Elizabeth Street: The first 100 years

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Some, like me, were standing with a group of club members of my era, remembering where companies such as Pratts, Performance Motorcycles and Honda dealer, Mayfair Motors, used to be. Other groups of older riders were reminiscing about businesses that had closed before those I knew were opened. There were motorcycles lining the footpaths and side streets, dating from 1903 to 2003 together with displays of historical photographs.

R90/6 and sidecar
Dominic Sciberras and his R90/6 outfit in Elizabeth Street to celebrate its 100 years of motorcycling
The organisers had done a great job of putting it all together and getting clubs to be in the theme of the day. It didn’t quite work out how they had hoped but in the end, it did not matter. It was a time tunnel weekend. Journeys back in time — in the mind at least. Love is in the air, the ABC Aussie pop history documentary series had the final of five episodes on the Sunday night. On Saturday, Elizabeth Street celebrated 100 years of continuous motorcycle activity. Music and motorcycles; two constants in our lives, taking us back to somewhere in the past. Elizabeth Street is, and was, motorcycling. In the past, the place, almost the only place. For one morning, we were all back. It was wall to wall motorcycles. Motorcycles of all (and riders of most) eras. The smiling faces said it all. It was a feel good day. Groups were standing and looking at motorcycles.

R100RS
Ken Wright and his mint condition R100RS
We had club members who brought their motorcycles in to show off our motorcycle heritage and present. Tony Weare (K1200RS), Peter Cullen (R60/5), Ray Isles (R75/7), Lloyd Griffith (R51/2) and Dominic Sciberras (R90/6 outfit) all put their hands up to be at the day. There were club members everywhere with their BMWs parked in the area and it was hard to walk anywhere without getting into a conversation. I’m sure there were many others I didn’t know, who were there. It was great to see our club supporting an important motorcycling event. It went deeper than that. A couple of our members made it happen. David Langridge and Ray Isles were, with Mary Chiodo of Peter Stevens, some of the main movers in getting the concept turned into reality. Without their work, it would not have happened. Very well done. David was the voice of the day, speaking on a couple of occasions before the event on 3AK’s Bike Rider program as well as on ABC radio 774 with morning show host, Jon Faine.

On the day, dressed resplendently in suit, collar and tie, topped off with a magnificent straw hat, he worked the stage in front of the historic Argus building (home to the Argus newspaper which, until its end in January 1957, was the paper of record for much of Melbourne’s early years). He interviewed people of interest, spoke on men and machines and gave the day a vocal focus. It was a cool ale and a quiet sit down at the end of the day for David. It was a day of catching up with people from the past, looking at bikes, and just standing in the sunshine watching the passing parade. Out of the box We have all heard the story. A brand new bike, thirty years old, never been ridden, in a shed.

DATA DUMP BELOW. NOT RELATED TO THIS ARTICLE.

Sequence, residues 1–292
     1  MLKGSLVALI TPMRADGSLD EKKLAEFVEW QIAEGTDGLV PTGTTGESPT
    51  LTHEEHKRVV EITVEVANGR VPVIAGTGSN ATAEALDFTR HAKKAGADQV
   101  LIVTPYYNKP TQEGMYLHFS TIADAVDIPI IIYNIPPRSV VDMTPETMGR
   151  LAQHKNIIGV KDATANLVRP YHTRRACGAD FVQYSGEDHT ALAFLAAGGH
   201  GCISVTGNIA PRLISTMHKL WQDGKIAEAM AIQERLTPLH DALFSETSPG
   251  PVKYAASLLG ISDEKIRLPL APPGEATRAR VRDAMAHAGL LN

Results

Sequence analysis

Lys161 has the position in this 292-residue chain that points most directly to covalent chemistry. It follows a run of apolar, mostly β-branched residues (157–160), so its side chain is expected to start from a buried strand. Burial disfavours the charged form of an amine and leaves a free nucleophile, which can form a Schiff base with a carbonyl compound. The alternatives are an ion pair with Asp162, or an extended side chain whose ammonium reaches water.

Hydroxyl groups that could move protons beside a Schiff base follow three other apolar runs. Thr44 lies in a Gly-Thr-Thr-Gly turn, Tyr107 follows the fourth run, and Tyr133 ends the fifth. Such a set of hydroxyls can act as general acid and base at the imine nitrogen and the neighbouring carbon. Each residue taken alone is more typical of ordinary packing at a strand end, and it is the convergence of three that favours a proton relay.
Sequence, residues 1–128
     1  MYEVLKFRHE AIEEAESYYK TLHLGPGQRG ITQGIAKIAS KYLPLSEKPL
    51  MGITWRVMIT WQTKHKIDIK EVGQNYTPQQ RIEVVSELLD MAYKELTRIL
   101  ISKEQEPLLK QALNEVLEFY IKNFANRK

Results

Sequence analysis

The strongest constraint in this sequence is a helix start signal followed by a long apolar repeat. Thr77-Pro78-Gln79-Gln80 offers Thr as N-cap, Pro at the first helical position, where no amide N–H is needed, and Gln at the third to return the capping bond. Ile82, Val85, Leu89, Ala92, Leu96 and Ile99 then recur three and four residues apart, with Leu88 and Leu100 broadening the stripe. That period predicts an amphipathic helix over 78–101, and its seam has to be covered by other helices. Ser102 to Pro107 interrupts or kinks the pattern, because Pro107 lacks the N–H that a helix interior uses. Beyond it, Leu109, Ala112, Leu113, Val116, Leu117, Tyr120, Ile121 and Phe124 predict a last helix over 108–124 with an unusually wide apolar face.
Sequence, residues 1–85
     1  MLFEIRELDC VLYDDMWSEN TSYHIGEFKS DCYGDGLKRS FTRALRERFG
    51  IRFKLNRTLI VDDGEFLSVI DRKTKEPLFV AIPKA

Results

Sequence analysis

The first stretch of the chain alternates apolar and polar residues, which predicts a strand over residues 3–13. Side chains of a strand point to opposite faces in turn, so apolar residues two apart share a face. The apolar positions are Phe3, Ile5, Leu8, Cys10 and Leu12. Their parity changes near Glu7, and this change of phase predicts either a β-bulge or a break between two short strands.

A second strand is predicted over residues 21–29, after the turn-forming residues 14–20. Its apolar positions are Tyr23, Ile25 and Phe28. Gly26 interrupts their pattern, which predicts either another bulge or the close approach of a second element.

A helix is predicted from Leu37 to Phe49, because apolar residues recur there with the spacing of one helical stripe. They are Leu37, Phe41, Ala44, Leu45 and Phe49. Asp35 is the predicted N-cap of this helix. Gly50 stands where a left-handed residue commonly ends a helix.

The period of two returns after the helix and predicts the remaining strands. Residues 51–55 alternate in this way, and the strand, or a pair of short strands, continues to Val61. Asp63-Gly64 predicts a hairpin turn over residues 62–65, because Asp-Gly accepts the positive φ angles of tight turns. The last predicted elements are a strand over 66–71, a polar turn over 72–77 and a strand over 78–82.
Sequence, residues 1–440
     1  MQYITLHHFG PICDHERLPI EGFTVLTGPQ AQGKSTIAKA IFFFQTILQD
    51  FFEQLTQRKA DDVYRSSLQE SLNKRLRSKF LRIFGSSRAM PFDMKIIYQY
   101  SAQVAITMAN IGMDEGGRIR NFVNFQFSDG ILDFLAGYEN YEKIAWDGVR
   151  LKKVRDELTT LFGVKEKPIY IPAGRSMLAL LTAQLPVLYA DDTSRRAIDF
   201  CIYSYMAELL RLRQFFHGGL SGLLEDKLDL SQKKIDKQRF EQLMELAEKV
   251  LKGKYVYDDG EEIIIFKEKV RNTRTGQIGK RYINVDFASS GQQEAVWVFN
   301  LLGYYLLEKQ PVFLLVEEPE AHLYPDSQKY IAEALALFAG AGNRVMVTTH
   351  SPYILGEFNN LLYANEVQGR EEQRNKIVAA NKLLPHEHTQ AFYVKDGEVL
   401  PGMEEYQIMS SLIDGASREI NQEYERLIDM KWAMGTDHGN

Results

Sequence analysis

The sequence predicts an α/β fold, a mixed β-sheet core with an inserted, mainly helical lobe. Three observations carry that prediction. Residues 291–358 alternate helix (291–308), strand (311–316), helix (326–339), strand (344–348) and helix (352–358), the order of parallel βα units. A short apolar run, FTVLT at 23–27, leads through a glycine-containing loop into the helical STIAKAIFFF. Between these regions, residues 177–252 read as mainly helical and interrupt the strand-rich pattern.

Of course, it is always a mate of a mate who knew someone, or, of course, it must be true because they saw it on the internet. It was never (or not often) even seen or touched. Every now and then they appeared for sale at the auctions (usually in the USA). Not always cheap. Yes Virginia, there is a Santa Claus. These bikes do exist and club member, Ken Wright, now has one in his collection.

A 1978 R100RS Motorsport with three km on the clock. No, this is not a typo, three kilometres, in absolute showroom condition. The Motorsport was the first of the limited editions in the RS. It was not a numbered or very common model. There are not many around now. There are stories that these bikes had special internals that pumped out more power. Not true. They were just the standard RS, with an impressive special paint job, and the dark navy seat. The bike, when Ken picked it up, still had the protective light grease covering many parts. The exhaust system had to be removed for polishing, but other than that, a good wash and it was straight out of the showroom in 1978. The bike started life as a showroom motorcycle, on the floor at Light Motors in Adelaide. Light Motors was the South Australian BMW car dealer for many years. The dealer principal wanted to show BMW’s other product on the floor. It was never for sale. It occasionally got a bit of a kick over, and oil change and a go around the block. Light Motors went out of the business and the bike, for many years, lived in the collection of the former owner. It is an extensive collection; including one of only two right hand drive BMW M1 cars in the world. The RS was not for sale in the usual sense. The owner was looking to send it to a good home, almost via an interview. Ken was in the right place at the right time and importantly, in the right club. It was Ken’s membership that got him the bike.

It has gone to a good home. It will join Ken’s R90S, R69S, R1150RT and 2002, 700 (the only one in Australia) 323 and 316 BMW cars. Ken said it will get a red plate and be seen on the road; where even a museum pieces like the R100RS Motorsport is meant to be.